It’s worth noting I took the lyrics on this album very seriously/personally, which is probably why I prefer the ragers, and not the quieter tracks. The way Love snarls “Don’t tell me I have lost / when clearly I’ve won” resonated with me deeply post-breakup. I needed that level of petty competitiveness to get me through. Love could be referring to any number of things on ‘Nobody’s Daughter’ – including her own complicated relationship with Frances Bean Cobain – but to me, that track is a defiant middle finger to anyone who had a pre-conceived idea of how I would behave or react post-relationship.

Vicious second track ‘Skinny Little Bitch’ is another example of how I framed Love’s aggressive lyrics to fit my own feelings. The track rips into life in such a violent, infectious way, it’s hard not to screech the lyric “You will never see the light / I’ll just obscure it out of spite” without feeling fan-fucking-tastic. Of course, I don’t advocate women tearing down other women – especially not about their weight – but whether you frame yourself as the bitch Love’s hating on in the song, or as the bitch who’s tearing this girl a new one – it’s hard not to find respite in the spite, even if it feels misdirected when I listen to it now.

The third rager is ‘Samantha’. It comes after alt-folk tracks ‘Honey’ and ‘Pacific Coast Highway’, both of which feel like they could soundtrack a Bonnie & Clyde style getaway film. They’re not bad tracks by any means, but they’re easy to skip over when you know ‘Samantha’ is on the horizon. “Watch her wrap her legs around this world / can’t take the gutter from the girl” seethes Love, over roaring guitars and buzzing bass lines. I love the accompanying video to this track, where she’s tearing through a desolated city, wearing a wedding dress with the word “c**t” embroidered on it.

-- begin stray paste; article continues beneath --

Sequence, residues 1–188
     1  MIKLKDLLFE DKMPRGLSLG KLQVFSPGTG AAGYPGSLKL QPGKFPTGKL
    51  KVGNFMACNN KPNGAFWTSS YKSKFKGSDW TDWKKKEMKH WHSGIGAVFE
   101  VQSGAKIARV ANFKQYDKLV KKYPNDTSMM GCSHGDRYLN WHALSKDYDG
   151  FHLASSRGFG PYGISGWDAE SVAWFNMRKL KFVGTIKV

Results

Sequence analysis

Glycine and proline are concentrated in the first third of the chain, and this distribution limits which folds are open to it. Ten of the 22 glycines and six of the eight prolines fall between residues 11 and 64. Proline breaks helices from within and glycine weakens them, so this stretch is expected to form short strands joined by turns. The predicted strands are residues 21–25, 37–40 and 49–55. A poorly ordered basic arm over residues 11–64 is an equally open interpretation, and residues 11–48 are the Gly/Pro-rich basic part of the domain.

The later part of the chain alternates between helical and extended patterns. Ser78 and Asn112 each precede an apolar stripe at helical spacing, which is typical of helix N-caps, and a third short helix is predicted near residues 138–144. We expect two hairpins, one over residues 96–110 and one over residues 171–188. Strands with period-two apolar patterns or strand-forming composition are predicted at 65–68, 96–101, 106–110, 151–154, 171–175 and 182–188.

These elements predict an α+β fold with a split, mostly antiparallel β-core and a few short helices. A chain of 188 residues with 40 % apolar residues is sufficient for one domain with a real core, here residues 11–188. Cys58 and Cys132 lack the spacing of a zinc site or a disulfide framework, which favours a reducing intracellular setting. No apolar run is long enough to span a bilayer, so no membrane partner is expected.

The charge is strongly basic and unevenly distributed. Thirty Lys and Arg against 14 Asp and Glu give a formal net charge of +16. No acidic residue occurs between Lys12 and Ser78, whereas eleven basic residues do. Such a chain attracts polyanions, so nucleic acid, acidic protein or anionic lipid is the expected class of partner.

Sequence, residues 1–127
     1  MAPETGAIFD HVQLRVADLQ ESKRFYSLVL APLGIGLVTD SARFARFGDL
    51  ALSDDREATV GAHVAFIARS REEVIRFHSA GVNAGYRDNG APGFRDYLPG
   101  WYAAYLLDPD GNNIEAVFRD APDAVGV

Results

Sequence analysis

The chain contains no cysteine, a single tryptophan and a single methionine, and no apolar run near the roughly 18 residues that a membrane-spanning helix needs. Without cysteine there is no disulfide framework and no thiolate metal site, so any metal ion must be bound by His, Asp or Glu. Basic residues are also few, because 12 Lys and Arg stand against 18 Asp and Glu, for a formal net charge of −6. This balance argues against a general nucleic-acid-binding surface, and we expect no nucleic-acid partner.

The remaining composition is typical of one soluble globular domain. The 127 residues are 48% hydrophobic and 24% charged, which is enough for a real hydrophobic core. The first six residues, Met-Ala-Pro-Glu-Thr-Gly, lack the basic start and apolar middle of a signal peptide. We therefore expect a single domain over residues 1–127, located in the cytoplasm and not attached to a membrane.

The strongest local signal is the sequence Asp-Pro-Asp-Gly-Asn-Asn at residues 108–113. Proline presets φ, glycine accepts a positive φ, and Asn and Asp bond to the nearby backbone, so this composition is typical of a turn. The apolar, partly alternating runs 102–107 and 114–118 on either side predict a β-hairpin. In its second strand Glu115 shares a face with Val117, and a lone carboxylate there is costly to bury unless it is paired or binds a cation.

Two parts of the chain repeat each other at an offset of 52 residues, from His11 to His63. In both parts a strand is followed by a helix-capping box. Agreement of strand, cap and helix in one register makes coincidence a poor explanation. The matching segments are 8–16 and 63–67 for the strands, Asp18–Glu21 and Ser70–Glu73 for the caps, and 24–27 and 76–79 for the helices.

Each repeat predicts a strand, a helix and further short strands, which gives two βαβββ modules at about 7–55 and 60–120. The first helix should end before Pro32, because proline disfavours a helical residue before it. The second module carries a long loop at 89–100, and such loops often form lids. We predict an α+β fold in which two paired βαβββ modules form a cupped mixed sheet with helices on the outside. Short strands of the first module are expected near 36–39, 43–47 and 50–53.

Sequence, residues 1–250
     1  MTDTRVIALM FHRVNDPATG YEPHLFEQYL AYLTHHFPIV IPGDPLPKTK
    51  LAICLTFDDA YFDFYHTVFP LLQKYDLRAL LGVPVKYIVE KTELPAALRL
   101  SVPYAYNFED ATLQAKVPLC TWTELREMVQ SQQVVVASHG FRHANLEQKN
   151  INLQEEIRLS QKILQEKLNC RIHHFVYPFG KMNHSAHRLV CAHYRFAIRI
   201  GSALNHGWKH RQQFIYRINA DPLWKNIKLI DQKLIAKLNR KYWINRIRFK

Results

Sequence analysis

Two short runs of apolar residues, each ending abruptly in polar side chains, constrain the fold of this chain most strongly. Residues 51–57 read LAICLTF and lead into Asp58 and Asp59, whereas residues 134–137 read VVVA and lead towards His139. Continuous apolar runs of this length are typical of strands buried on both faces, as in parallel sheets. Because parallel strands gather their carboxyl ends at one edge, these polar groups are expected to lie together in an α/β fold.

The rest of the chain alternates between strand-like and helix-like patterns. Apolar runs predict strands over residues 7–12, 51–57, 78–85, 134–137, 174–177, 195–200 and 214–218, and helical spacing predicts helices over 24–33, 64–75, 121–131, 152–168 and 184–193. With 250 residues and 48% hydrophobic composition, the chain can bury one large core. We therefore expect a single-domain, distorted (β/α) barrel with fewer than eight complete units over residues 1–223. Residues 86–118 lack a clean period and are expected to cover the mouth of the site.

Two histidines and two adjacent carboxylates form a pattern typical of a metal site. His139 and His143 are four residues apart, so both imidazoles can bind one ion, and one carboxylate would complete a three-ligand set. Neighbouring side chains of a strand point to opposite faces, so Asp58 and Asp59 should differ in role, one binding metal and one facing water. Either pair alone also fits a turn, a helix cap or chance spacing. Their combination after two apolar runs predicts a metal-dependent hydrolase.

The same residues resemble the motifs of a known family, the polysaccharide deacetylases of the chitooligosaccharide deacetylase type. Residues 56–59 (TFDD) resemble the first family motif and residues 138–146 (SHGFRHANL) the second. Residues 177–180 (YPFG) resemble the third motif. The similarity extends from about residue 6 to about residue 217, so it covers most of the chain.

I think the most vicious line on the record is “If you were on fire / I would just throw kerosene”. I was intoxicated by Love’s ability to speak the psychopathic unspeakable. The follow-up lyric “I love so much I hate / and I hate what you have seen in me” still strikes a chord today. The binary opposites of love and hate, and how they’re a hair’s breadth apart in feeling is something that fuels Nobody’s Daughter, and is probably why I invested so much time listening to it in the aftermath of a breakup.

I’m out of the ragers zone now, and rolling around in ‘Someone Else’s Bed’. In the midst of hanxiety (hangover anxiety), I would listen to this and take a sick kind of joy from the lyric “I quite enjoy your suffering / Oh I want to watch the view”. Turns out, I’m pretty melodramatic on a hangover, and clearly enjoy stewing in my own emotions. When I listen back now, I smirk at how much time twenty-five year old me dedicated to being angry and upset about something I couldn’t change.

I have to confess, my attention drifts towards the end of Nobody’s Daughter. ‘For Once In Your Life’, ‘Letter To God’ and ‘Loser Dust’ go over my head. Things pick up again when Love starts shouting and screaming on ‘How Dirty Girls Get Clean’. It smoulders with her trademark fury, even in the opening verses where it’s just Love and her acoustic guitar. ‘Never Go Hungry’ closes the record with a quiet determination. “I’m hungry for / life a little less cruel” muses Love, a sentiment that still fills me with hope.

Nobody’s Daughter taught me many things, but mostly it taught me that feeling irrational, or angry, or mad at a situation you can’t change is okay. It also taught me how destructive those feelings can be. It was my introduction to Hole’s discography, and led me to discover Live Through This, another Hole album that I feel forever indebted to. Say what you like about Courtney Love – and the whole Hole saga – Nobody’s Daughter is a fierce, frenzied record that deserves repeated listens (purely for the ragers).

Kate Crudgington